On a summer evening in 2015, a 12-year-old girl and her friend, a year older, went to the city centre of Edinburgh to meet up with mates. They succeeded in buying vodka and around 11.30pm descended on a fast food outlet in the west end.

Four hours later, the mother of one of the girls reported her child missing and the police, presumably aware of roughly where the group could be found, arrived on the scene. They spoke first to the 12-year-old, who directed them to the missing girl. They were unconcerned about the age of the witness. To these experienced officers, she looked a lot older.

Around 4am, the 12-year-old and her friend got chatting in the taxi queue to a young man, Daniel Clesiak, who was 19, and a friend of his. The four agreed to go to an impromptu party in the flat of Clesiak's friend. Clesiak understood from the conversation in the queue that the 12-year-old was 16. The taxi driver thought she might be as old as 20.

Clesiak and the girl paired off and had sex. She left the flat later in the morning without complaint and there was no suggestion that she was distressed in any way. Clesiak's life as a student continued normally. But then the girl confided in her sister that she feared she was pregnant. As a result of this confession, the girl consulted her GP, who encouraged her to inform the police. Clesiak was arrested and charged with rape.

The law of Scotland is clear: where a victim is under the age of 13, she is deemed to be incapable of giving consent. The law exists not only to protect young people from adult predators, but to protect them from themselves – whether they enjoyed the experience or not. The fact that, in this case, the victim willingly had sex is beside the point. It is no defence to say that you had grounds to believe that the person in bed with you was above the age of consent.

Clesiak could be considered unlucky: the girl was 12 years and seven months. Had she been five months older, the law would have allowed him a defence based on his 'reasonable belief' that his victim was 16 or over. Clearly this fact weighed heavily in the mind of the judge, Lady Scott, who heard the case in the High Court last week. Having viewed the CCTV footage from the scene, she too concluded that the victim looked older than she was. In the judge's opinion, the circumstances of the case were wholly exceptional and, although Clesiak had pleaded guilty to rape, she made the extraordinary decision to give him an absolute discharge. This means that, although his offence will be recorded as a conviction, it is a conviction without a penalty.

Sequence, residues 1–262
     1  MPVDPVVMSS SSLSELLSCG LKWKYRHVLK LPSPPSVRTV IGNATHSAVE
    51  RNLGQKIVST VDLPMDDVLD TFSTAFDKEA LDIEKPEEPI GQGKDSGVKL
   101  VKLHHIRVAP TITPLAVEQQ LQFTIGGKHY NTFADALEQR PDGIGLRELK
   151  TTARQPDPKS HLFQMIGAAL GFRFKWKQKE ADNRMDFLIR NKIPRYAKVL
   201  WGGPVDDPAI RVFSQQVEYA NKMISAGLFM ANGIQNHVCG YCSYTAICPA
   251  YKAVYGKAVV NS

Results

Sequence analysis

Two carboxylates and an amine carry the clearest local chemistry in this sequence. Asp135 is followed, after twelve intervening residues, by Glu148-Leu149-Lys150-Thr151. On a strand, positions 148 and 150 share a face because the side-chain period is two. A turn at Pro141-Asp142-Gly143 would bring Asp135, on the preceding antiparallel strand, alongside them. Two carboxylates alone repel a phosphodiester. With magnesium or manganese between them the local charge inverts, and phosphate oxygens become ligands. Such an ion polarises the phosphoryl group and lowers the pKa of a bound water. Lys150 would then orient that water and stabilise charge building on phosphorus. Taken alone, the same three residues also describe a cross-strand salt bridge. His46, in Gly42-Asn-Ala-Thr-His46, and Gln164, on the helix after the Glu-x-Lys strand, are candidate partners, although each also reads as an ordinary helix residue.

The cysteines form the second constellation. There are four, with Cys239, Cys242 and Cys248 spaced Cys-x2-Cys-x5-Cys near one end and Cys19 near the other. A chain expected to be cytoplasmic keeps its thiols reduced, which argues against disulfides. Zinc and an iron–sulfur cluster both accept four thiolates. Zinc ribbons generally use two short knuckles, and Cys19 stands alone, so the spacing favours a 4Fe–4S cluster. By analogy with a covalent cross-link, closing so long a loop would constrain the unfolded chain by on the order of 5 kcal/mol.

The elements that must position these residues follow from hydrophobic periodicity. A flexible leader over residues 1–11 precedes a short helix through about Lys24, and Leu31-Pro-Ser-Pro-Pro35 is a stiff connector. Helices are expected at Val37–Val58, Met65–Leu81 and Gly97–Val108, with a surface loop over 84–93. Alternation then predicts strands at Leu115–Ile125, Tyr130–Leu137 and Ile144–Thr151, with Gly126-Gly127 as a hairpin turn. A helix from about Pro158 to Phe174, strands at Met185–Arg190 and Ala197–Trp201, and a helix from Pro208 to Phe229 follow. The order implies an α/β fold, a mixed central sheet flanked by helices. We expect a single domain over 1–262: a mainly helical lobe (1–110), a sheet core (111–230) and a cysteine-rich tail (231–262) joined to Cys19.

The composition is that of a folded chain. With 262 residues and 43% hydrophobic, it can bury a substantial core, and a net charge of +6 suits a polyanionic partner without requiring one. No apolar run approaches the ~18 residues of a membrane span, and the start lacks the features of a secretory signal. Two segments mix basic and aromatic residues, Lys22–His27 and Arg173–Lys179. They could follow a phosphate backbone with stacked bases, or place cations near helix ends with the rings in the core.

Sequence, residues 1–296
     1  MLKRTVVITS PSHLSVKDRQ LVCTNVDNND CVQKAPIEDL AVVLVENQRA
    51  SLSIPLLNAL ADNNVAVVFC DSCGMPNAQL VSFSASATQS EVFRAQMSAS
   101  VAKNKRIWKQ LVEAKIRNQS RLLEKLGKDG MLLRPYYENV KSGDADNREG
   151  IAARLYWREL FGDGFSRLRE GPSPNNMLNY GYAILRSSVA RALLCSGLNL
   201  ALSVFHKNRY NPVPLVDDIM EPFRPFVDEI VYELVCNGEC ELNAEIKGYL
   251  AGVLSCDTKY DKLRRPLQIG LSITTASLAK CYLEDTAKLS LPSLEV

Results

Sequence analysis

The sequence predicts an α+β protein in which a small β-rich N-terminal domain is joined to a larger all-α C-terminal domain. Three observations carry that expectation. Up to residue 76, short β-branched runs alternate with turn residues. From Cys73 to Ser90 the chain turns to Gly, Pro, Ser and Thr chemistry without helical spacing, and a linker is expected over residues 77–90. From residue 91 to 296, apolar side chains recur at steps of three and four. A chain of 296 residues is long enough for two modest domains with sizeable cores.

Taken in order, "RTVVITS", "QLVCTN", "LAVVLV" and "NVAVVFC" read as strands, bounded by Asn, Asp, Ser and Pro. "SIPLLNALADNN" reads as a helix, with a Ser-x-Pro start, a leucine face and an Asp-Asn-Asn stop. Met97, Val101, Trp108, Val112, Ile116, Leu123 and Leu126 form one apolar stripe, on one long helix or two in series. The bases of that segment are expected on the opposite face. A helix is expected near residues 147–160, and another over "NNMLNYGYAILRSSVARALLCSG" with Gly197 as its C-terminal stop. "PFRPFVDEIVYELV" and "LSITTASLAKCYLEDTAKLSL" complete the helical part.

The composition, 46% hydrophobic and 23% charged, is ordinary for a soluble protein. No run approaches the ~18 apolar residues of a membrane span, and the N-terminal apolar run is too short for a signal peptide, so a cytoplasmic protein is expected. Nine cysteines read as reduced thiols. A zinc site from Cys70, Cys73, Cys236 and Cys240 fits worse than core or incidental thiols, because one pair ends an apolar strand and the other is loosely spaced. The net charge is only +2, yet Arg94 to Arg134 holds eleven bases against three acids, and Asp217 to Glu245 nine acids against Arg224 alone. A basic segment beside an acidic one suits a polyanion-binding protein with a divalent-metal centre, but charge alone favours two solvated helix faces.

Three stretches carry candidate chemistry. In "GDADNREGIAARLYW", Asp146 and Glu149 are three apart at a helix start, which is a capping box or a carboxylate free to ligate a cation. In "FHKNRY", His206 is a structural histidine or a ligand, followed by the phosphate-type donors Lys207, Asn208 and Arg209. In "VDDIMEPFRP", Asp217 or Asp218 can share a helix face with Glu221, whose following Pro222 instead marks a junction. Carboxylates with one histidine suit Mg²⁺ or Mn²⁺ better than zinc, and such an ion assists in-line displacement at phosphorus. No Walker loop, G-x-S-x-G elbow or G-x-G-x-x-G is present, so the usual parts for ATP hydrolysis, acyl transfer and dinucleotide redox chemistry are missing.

The outcome points to the need for a clarification of official guidance on sexual offences. The Scottish government's Sexual Health Scotland website is unequivocal: '...anyone having sex with someone under 13 could be sentenced to life imprisonment.' Logically, this should be amended to make it clear that if the person over 16 genuinely believes that the other party is 13 or over, the offence is mitigated by the precedent that has just been set.

There is, however, another issue in the Clesiak case that has not received enough attention: if, after a long evening of socialising, the girl was drunk, then she was incapable of giving consent regardless of her age. Two months ago, a young woman left 'devastated' by the Crown Office's decision not to prosecute two Scottish footballers, who had sex with her in a flat in West Lothian after a night out, sued them. In that case, the woman maintained that she was incapable of giving consent to sex because of her drunken state.

A judge in the Court of Session, Lord Armstrong, said he found her evidence 'cogent, persuasive and compelling' and awarded her damages of £100,000. But the footballers, though judicially condemned as rapists, remain at liberty. There are no criminal sanctions in a civil action of this sort.

Clesiak too is a free man. It is much too early to say whether the remarkable leniency he has been shown will send the wrong message to men in taxi queues in Scottish cities in the early hours of the morning. But the result should be viewed within a larger context: the rise in the incidence of sexual crime in Scotland and the disgracefully low conviction rate in the most serious cases.

While the figures for almost all categories of crimes are going down, sexual crime has been steadily increasing in the last half-century and is now at its highest level since category statistics first became available in 1971.

In 2015-16, 1,809 cases of alleged rape were reported to the Scottish police, yet there were only 216 prosecutions of which 104 – one in 18 of the original complaints and less than half of the cases brought – resulted in convictions. In England, the conviction rate is 57% of cases brought: also low, though not quite so deplorable.

Rape Crisis Scotland says: 'Rape is a crime which can take a great deal of courage to report. It is worrying that such a small proportion of reported rapes are ever prosecuted.' Perhaps we should not be surprised: it seems little has been learned from the landmark case of Carol X, whose brutal rape in the east end of Glasgow in 1982 went unprosecuted for two strongly suspected reasons: she was a prostitute and she was drunk at the time. Ultimately the scandal of the Carol X case led to a successful private prosecution and the imprisonment of one of her assailants.

Had Carol X been 'asking for it'? Had the woman raped by the footballers in West Lothian been 'asking for it'? Had the 12-year-old in the taxi queue been 'asking for it'? Somewhere in the atavistic recesses of the public imagination, this irrelevant question continues to lurk. A quarter of a century after Carol X, the criminal justice system goes on betraying the victims of rape.

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